Also going as her favorite character of Wonder Woman will be Brieanna Brock, but she will be playing as the Red Son version of the character. In the Red Son universe created by Mark Millar, Superman is raised by Soviets instead of the Kents in Kansas. The Wonder Woman of that universe is much grimmer in appearance. Not to worry, the second character Brock will be playing is Leila from Code Geass, who will add a bit of color in with her costume. Brock’s Red Son Wonder Woman will be bolstered by a Red Son Power Girl and several other Red Son-inspired DC characters. Brock will be busy at the LVCE leading the Cosplaying 101 panel and helping the other panelists as the cosplay director. Brock has recently branched out past the superhero genre into the twin worlds of anime and manga which is what led her from only having read Death Note to exploring the world of Code Geass. As she says of her choice of Leila, “I love powerful characters that are portrayed as leaders and also value a team.” Both of the costumes are brand new for Brieanna Brock, who loves the challenge that a new costume provides. Speaking of her Red Son Wonder Woman Brock says “it was definitely a challenge and after being finished I feel proud to bring that inspiration to life. Showing it off is fun too, it’s a perfect opportunity to educate others about the character, the series, and cosplaying in general.”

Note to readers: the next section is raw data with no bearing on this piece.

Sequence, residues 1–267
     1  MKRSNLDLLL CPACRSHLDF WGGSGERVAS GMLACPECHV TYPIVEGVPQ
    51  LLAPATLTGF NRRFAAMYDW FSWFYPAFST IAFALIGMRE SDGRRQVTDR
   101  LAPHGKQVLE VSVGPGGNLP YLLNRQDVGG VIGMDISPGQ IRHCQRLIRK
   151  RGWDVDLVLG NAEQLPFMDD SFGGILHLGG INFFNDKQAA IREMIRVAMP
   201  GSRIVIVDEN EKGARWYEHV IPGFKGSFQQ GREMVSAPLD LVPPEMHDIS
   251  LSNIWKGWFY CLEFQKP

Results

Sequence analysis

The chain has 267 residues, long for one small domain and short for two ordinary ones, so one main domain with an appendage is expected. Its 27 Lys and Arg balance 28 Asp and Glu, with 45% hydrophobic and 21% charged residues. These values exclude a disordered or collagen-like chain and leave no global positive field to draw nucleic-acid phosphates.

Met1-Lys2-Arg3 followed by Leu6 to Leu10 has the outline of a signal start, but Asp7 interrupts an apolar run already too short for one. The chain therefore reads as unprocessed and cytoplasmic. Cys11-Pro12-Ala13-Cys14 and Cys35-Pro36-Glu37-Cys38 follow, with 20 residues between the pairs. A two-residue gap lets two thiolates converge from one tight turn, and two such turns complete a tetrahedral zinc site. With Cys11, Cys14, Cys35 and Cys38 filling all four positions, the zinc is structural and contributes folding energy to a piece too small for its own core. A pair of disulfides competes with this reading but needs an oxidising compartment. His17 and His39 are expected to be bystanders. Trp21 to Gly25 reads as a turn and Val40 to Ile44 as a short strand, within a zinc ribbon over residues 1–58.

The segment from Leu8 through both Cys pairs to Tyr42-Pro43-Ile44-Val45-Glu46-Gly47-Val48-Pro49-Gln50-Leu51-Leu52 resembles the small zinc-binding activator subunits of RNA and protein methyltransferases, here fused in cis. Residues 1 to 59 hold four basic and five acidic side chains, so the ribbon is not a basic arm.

In the female-dominated world that is cosplay, there are pockets of masculinity, which will be represented at the Las Vegas Comic Expo by the 501st Neon Garrison of Stormtroopers who will be featured in their own panel on Saturday.

The First Las Vegas Comic Expo

Three T-Shirt Designs from Zombie vs. Human I Run With Zombies Zombie Eating Power Up Mushroom and Zombie Unicorn or Zombiecorn

Zombie vs. Human Shirts

In 2012, Ralph Mathieu, owner of Las Vegas’ own Alternate Reality Comics attended and exhibited at the first Las Vegas Comic Expo and spoke highly of the experience as well as his vendor sales. Mathieu is particularly looking forward to seeing writer Gerry Conway at this year’s expo. Conway co-created The Punisher, helped kill off Gwen Stacy, and created the DC character Firestorm, but it’s his Spiderman-Superman crossover which Mathieu holds in particularly high esteem. Alternate Reality Comics is joined by many other Las Vegas local comic book stores in the exhibitors’ hall including Maximum Comics, Avatar Comics and Games, and Comic Oasis. Avatar chief Kristian Norberg said that the previous year was a “success” for his store and ran “fairly well”, paying for the booth rental and then some. Besides selling comics and merchandise to attendees, Norberg was able to take in and enjoy the Artists’ Alley at the 2012 LVCE. Any fears he had of a comic convention fiasco, such as the one Las Vegas witnessed in 2003 at the Mandalay Bay Resort & Casino, were allayed by his experience the first year.

And Other Exhibitors

L.A.-based Zombie vs. Human will be exhibiting at the Las Vegas Comic Expo, selling a variety of men’s and women’s T-shirts with zombie themes, all in an effort for customers to be prepared “for the zombie apocalypse”. For proprietor Aaron Berg, the Comic Expo is a chance to be among like-minded company for whom their clothing line requires little to no explanation.

Card-Boards Wooden Card Holders